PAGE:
What do you think is better at preventing cancer and other chronic diseases: A) a potassium supplement or B) a banana?
If you think like a group of college students, a new study suggests you’ll answer A.
The study looked at which of two schools of thought was most common when it comes to the connection between diet and disease. On the one hand is the belief that nutrients like potassium are the most critical for preventing disease. Others take the stance that the whole foods that contain these nutrients are the key to better health.
In the study, about 110 participants read scenarios describing an active, generally healthy, young man named “Steve” who was living a typical American middle-class lifestyle. The description of his diet either emphasized “healthy” nutrients (potassium, omega-3s, vitamin C, calcium, and iron) or “healthy” whole foods (bananas, fish, oranges, milk, and spinach). Participants were then asked how likely they thought Steve was to experience different diet-related chronic diseases in his lifetime. Overall, the college students estimated Steve was at lower risk of developing cancer, heart disease, stroke and diabetes when his diet was nutrient-focused rather than whole food-focused.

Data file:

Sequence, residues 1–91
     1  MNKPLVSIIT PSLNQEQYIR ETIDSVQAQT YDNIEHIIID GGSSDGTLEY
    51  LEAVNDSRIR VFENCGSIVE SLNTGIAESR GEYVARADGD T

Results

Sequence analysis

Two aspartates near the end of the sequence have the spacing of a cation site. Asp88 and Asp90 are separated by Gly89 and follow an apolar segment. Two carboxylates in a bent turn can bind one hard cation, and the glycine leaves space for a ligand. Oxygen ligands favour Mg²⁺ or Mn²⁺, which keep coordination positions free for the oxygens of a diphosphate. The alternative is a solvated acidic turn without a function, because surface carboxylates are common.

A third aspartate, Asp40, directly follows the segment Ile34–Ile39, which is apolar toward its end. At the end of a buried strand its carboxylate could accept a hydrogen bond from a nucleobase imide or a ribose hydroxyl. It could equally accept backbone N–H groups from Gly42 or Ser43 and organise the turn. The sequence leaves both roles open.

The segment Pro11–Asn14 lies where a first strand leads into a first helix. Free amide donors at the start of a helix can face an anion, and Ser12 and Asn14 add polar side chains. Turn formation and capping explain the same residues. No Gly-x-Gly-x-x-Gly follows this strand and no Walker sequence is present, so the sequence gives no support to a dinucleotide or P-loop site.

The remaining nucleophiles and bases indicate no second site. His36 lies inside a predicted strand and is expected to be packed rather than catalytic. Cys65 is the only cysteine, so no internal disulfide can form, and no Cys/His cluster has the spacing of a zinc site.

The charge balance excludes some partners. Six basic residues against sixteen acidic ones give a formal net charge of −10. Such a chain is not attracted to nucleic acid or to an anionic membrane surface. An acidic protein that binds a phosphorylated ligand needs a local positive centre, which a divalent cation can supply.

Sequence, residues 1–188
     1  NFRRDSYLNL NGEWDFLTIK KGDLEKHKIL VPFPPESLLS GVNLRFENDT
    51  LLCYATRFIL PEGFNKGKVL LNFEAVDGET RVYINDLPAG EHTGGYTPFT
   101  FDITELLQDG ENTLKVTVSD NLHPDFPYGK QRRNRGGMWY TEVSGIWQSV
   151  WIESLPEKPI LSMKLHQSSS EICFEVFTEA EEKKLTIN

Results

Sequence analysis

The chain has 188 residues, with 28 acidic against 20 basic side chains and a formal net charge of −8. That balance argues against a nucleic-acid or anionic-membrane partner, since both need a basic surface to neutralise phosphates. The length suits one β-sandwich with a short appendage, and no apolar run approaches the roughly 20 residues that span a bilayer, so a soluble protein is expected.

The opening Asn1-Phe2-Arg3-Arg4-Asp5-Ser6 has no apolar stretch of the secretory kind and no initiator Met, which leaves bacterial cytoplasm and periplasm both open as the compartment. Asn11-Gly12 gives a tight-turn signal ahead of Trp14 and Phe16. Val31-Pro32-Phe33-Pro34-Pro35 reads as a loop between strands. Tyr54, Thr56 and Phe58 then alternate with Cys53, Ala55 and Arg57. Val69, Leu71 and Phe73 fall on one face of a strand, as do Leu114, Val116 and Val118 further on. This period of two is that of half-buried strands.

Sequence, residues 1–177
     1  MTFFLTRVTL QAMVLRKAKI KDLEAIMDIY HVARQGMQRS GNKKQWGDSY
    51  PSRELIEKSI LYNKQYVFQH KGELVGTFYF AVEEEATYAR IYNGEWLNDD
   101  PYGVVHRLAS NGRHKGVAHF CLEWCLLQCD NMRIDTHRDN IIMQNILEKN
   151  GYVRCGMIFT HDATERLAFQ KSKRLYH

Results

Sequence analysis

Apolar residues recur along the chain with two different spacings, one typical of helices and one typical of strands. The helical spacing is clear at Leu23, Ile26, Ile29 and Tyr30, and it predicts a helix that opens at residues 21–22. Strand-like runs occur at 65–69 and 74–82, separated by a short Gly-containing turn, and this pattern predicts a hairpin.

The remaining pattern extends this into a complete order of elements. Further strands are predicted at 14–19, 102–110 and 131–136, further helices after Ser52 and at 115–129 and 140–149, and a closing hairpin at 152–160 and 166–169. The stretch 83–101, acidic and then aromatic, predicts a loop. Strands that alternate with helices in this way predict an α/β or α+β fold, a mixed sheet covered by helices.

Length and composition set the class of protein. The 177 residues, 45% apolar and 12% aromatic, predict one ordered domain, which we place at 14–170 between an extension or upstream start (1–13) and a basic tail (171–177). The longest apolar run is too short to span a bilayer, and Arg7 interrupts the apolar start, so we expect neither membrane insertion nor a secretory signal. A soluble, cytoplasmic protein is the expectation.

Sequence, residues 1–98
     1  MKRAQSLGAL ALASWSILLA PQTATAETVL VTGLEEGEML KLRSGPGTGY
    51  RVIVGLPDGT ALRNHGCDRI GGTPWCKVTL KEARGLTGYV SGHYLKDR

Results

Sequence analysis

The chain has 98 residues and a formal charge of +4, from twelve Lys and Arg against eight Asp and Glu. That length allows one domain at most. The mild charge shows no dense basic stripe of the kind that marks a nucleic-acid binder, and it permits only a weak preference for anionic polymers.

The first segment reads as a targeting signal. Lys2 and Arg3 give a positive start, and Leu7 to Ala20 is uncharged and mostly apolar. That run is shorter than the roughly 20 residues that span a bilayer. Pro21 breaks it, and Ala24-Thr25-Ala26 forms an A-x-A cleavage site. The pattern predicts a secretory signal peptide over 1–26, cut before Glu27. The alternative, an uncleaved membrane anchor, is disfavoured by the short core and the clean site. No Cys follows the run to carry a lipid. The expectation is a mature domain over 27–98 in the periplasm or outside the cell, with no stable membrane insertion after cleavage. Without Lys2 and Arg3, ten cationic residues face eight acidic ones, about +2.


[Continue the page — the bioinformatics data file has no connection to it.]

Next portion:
While this was not entirely unexpected, note the authors, it may have significant negative public health implications. If most people think like these students, they may be focusing on nutrients rather than making the best food choices for their health.
Research now suggests that it is the synergy of the different compounds in foods working together that offers the strongest protection against chronic disease. And the latest recommendations for the new Dietary Guidelines, along with AICR, suggest focusing on not just whole foods, but dietary patterns.
Increasing fruits and vegetables, for example, increases your intake of a variety of beneficial nutrients. AICR also advises against relying on supplements when it comes to cancer prevention. Food and supplement companies often promote the view that nutrients are supreme. This reductionist view misses out on the health benefits of foods beyond the isolated vitamins and minerals they contain.
Foods provide far more than a few nutrients, minerals, or healthful phytochemicals. A banana, for example contains fiber, magnesium, plenty of vitamins, carotenoids, and flavonoids in addition to potassium. Plus, they taste great!
Now is the time to spread the word that, when it comes to the epic battle of potassium supplement vs. banana, banana wins.